I came home to the United States as a changed person after my summer in Europe. I had lived through and experienced so much and I had heard so many different stories. It took me a while to process what I had learned, and I’m still processing it all today. I never expected that those stories would bring me to where I am now.
Tomorrow, I will take off on my greatest adventure yet – a year long stay in Germany as a grantee of the United States Fulbright Scholarship. I’m going to continue the research I began last summer – studying the resurgence of Jewish life in Europe, post-World War II. This upcoming year, my research will focus solely on Jewish life in Berlin and Germany, although my experiences from past travels will surely shape the discoveries to come.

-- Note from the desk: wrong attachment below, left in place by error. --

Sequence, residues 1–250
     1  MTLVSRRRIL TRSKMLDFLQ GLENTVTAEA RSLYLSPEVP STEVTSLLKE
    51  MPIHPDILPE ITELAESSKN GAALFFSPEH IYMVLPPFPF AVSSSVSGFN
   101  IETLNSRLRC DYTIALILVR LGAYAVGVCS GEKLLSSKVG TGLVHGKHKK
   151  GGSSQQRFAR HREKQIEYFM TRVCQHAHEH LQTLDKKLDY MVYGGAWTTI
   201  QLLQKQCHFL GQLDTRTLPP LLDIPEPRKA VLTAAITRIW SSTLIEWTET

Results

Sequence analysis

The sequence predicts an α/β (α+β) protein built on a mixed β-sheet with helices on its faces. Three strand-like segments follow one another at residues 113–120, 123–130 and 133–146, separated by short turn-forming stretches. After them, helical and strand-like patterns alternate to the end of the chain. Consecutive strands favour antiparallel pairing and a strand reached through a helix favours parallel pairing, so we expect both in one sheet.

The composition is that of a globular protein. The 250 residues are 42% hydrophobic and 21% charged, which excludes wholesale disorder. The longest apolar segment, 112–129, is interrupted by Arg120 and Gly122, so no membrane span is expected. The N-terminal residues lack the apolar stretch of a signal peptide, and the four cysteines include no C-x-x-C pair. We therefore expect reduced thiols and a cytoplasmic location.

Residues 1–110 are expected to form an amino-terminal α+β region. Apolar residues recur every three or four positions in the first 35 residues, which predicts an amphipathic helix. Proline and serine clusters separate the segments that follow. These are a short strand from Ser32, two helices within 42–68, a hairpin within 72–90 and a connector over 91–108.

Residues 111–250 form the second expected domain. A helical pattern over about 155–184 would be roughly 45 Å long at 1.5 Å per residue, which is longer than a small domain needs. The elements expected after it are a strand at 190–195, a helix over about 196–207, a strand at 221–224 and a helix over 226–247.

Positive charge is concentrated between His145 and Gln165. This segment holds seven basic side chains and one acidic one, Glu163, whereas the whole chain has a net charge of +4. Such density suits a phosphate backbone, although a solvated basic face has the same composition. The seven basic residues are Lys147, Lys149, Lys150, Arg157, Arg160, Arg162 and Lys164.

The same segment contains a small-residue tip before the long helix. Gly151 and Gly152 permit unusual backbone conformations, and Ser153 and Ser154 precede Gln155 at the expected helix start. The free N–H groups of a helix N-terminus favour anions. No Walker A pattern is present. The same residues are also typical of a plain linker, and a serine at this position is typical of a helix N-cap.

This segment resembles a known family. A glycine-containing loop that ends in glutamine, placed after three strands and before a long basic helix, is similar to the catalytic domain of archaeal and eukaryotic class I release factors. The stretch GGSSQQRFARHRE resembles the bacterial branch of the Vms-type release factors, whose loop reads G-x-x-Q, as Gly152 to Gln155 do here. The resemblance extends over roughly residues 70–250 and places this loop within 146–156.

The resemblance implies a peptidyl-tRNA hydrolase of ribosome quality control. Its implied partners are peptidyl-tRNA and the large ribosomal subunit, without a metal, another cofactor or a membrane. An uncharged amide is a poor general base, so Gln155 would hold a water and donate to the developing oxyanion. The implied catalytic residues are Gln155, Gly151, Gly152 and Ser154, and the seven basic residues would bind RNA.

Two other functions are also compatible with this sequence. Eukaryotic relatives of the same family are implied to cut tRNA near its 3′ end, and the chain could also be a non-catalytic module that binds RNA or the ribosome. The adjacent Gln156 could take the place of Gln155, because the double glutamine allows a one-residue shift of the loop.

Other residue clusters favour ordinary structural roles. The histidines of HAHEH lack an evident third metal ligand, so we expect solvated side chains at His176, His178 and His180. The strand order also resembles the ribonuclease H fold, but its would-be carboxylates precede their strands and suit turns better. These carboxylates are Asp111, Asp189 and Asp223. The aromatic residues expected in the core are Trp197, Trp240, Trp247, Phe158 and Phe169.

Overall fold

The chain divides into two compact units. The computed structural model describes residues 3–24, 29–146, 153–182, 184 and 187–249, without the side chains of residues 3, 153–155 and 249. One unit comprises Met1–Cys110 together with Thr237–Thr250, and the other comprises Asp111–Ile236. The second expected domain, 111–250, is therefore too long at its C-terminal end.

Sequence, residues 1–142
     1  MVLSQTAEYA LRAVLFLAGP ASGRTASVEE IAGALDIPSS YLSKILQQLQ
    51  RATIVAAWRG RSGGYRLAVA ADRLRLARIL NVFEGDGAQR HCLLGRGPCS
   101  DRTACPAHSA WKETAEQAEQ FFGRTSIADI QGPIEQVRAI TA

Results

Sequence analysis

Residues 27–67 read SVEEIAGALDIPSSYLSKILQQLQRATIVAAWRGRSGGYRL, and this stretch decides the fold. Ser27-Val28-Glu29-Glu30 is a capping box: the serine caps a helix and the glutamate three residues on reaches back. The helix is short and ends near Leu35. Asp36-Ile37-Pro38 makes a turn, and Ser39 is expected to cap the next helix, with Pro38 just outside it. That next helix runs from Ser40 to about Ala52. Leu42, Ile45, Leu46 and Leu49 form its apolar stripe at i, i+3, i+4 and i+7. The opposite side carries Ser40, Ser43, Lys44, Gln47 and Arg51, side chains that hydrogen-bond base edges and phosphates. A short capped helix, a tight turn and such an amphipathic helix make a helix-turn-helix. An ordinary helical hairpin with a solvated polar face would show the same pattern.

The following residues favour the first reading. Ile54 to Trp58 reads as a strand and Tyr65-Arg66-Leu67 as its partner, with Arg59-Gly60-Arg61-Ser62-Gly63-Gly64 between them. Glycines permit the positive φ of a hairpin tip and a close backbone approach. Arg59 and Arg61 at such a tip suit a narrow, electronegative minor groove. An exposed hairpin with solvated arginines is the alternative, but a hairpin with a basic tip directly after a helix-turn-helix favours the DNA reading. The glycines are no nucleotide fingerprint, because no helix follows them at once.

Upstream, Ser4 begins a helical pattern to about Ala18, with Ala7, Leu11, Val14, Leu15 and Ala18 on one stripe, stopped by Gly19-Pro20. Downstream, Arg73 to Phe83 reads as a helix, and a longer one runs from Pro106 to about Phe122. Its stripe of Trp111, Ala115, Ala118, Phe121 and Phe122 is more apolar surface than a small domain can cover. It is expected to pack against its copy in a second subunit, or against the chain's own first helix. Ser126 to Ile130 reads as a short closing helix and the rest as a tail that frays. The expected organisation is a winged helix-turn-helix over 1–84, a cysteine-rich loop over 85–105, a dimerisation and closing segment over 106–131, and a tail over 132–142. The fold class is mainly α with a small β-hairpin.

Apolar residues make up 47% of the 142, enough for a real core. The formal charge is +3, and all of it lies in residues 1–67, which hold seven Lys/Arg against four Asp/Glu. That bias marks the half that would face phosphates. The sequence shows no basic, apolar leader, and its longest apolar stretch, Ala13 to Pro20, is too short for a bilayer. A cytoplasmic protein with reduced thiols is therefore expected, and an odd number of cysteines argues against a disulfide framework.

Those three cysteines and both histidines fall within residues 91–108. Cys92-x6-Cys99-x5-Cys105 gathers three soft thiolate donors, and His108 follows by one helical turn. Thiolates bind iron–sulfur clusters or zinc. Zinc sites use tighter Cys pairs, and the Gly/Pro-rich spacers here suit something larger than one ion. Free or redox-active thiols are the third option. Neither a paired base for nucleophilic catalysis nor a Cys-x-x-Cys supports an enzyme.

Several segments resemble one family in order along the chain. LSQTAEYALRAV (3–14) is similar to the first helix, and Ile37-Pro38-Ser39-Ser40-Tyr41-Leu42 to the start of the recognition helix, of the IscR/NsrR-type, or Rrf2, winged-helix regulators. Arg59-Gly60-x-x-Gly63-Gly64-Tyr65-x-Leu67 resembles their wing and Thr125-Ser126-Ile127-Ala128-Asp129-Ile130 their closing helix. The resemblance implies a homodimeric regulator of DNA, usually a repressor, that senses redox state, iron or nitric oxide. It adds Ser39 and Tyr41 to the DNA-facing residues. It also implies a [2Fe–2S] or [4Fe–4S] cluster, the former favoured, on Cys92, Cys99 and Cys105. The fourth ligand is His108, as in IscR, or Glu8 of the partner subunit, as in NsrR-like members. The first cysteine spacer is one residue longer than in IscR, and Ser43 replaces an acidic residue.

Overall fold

I will be arriving in Germany on August 7 in Marburg to begin a six week intensive German language program. After that, on September 22, I will land in Berlin and begin my ten month stay there. I received what is called a Fulbright “Young American Journalism Award” which will enable me to spend the year researching the Berlin Jewish population, writing my memoir, and working for different German and American media outlets. I will write about what I’ve learned from my Fulbright experience in the hope that what I say can influence people. I hope to raise awareness for Berlin’s Jewish population and help support change that will affect us for generations to come.